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How It Feels When My Chronic Pain Is at a 'Worse Day' Level

Editor's Note

If you experience suicidal thoughts, the following post could be potentially triggering. You can contact the Crisis Text Line by texting “START” to 741741.

I am currently sitting at my desk at work crying. I am crying because my chronic pain issues are at a “worse day” level. I am crying because I am on my third round of three ibuprofen. I am crying because I have been slamming energy drinks down. I am crying because I am in pain. I am crying because that pain exhausts me mentally, physically and emotionally despite 9 ibuprofen, a decongestant, allergy medications, ADHD medications and trying to take it easy while remaining productive.

I am trying anything I can think of to get my pain under control and today I am failing. Days like today I cry for the life I feel I was robbed of…the person I used to be that was capable of so much more. I cry for the mom my children may not even remember existed because she has been replaced with a shadow version who (with time) isn’t getting better but worse. I cry for the days I am so exhausted from pain, I get home and get them dinner and then can’t do anything more than fall asleep. I’m missing out on the little time I have with my wonderful, amazing family.

My tears are full of resentment for the things I miss out on; they’re full of exhaustion and they’re full of hopelessness. I push myself as hard as I can, and often I push myself beyond my limits.

I hate myself for the days I just…can’t. Those are my worst days. The days I just can’t keep going, or “going” is like being a snail in a rabbit race. Every day I do my best, I take many steps to try to make sure I can make it. I have OTC pain medications, muscle rubs, pain relieving patches; I have special light blocker glasses, I have adjusted my computer screen to a point where when staff I do not know walk past my workspace and see it, they often stop and comment on how dark it is and ask me if I can see. I even have this giant green leaf awning from IKEA my supervisor gave me to block the harsh bright ceiling light from my line of sight. I have a massager for my neck and shoulders, a heating pad, ice packs and I see a chiropractor as often as I can.

My life revolves around my pain and trying to prevent it from increasing, reducing it or merely surviving it. Today is a day I message my partner things like:

“I am just so worn out by all of this.”

“I can’t live like this.”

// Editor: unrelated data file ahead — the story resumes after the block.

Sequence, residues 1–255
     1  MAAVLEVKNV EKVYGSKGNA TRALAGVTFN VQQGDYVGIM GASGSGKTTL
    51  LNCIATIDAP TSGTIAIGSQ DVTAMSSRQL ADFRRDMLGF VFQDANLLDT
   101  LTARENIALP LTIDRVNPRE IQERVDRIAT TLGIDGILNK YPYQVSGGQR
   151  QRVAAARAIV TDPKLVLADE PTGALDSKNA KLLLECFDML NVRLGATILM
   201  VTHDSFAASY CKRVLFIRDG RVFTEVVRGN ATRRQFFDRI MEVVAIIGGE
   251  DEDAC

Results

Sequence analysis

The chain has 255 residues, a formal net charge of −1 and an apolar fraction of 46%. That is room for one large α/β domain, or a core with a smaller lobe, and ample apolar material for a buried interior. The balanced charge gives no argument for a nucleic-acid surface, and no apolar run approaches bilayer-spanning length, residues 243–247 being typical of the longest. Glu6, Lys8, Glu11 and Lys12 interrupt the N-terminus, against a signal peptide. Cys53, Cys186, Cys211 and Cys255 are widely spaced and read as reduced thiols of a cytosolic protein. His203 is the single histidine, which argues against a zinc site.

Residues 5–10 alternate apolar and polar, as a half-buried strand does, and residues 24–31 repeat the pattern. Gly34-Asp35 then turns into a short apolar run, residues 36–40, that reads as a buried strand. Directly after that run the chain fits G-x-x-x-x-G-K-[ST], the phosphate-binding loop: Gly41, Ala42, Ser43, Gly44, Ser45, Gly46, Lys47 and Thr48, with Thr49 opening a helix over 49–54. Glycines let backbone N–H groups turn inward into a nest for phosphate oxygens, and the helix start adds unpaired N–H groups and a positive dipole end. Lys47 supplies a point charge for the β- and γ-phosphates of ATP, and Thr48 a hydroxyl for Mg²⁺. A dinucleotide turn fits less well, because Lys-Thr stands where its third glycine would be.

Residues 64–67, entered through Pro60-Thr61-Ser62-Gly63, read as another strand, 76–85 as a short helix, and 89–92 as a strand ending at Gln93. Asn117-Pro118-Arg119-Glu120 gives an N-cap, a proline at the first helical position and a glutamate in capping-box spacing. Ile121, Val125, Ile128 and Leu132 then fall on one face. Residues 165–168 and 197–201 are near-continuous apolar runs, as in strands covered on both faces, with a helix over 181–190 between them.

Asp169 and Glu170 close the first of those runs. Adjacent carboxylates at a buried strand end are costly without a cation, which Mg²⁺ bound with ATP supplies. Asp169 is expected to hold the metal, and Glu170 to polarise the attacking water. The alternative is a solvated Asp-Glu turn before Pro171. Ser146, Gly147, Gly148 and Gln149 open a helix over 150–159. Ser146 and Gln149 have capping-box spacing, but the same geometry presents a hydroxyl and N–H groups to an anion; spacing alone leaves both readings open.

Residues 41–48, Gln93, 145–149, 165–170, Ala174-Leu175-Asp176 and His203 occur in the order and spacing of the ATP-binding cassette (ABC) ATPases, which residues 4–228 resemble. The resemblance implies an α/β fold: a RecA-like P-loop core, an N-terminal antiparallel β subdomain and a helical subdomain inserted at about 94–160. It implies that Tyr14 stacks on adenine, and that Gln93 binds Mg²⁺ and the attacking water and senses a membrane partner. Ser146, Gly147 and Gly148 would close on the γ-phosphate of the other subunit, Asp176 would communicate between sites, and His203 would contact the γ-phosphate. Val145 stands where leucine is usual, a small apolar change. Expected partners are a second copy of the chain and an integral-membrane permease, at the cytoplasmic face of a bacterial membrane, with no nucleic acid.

Today is the kind of day that makes me think of all the plans my partner and I make, that I can’t do. It makes me think of all the walks with him and our dog, Archie (which is one of my absolute favorite things to do in this world), that I cannot go on. It makes me think of all the time doing activities with my kids that I have and will miss. And so I cry. I cry out of emotional pain, because of my physical pain. I want to scream; I want to throw things, break things and destroy things like my pain is doing to me. I am tired. I am so, so tired.

I can’t live like this, yet here I am — living like this, because the only other option is to opt out of life and trying, and that is not an option.

Today is just a bad day, just a “worse day” level. Maybe tomorrow won’t be as bad. Maybe it will. All I know is I am surrounded by photos of the reasons for me to keep going and keep trying everything I can to be at my best, even when that best is nothing more than sitting at my desk crying. I won’t ever stop trying to live my life. I will continue to make plans, I will continue to look forward to events and I will continue to take all the steps I can to ensure I can make it to and through those events. I will plan to go to my children’s school concerts, I will try to bring them to apple orchards, I will always strive to go to as many parades, festivals, carnivals, sporting events, dance showcases and go on every walk that I can. I mourn the loss for all I cannot, but I live for everything that I can. Life for a person who has chronic pain is a delicate balancing act, while the ground under your feet is unstable. It’s exhausting, it’s impossible and it’s incredibly hard. But…we do it, the best we can.

Photo credit: mabe123/Getty Images